If you're not reading Dervala's blogging of her trip to Asia, you should. It is wonderful for so many reasons. She writes recently of an experience walking down the street in Phnom Penh and having her breast grabbed.
"I've dealt with these kinds of minor assaults many times," she writes. "So have most women I know. I've been groped on the New York subway and on an Aer Lingus flight. I've been flashed at, heard lewd insults, endured unwelcome, lingering hugs. But despite all this experience, I can never get it together to shout, kick, slap, or ridicule. My first reaction is still always disbelief, followed by disabling politeness. By then it's usually (and thankfully) too late."
Dorothea wrote about verbal badgering in her Grunchy Stuff posts a while back.
Dervala's experience involved someone actually grabbing her--a physical violation rather than words and whistles. Still, Dervala's initial reaction is similar to many who have written on this--deciding to hurry along on our way, make it to the next place that's "away" from scene of the crime, a reaction of fear, disbelief, and/or embarassment.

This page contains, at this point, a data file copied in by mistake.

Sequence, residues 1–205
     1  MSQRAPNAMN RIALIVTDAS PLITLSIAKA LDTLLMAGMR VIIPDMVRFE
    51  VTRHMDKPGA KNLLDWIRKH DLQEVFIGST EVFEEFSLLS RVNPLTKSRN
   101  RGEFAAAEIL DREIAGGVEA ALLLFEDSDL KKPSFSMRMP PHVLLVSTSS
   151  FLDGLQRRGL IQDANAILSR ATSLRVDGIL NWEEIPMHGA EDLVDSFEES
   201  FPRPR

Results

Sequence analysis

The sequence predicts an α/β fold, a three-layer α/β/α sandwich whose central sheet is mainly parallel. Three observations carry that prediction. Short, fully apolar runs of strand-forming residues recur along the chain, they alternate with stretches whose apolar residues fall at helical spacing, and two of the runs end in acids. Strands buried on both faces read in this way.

What casts us into this role of runner/avoider in the ultra-second of an event like this? Certainly Dervala was no match for two locals. So high-tailing it away in case they decided to return was a smart move.
I like Dervala's vow to do things differently next time, though. To use her new-found arm cast from her broken wrist to knock the next guy who tries it in the teeth. I just hope she's a good aim and a quick runner the first time she gives it a try. You go, girl.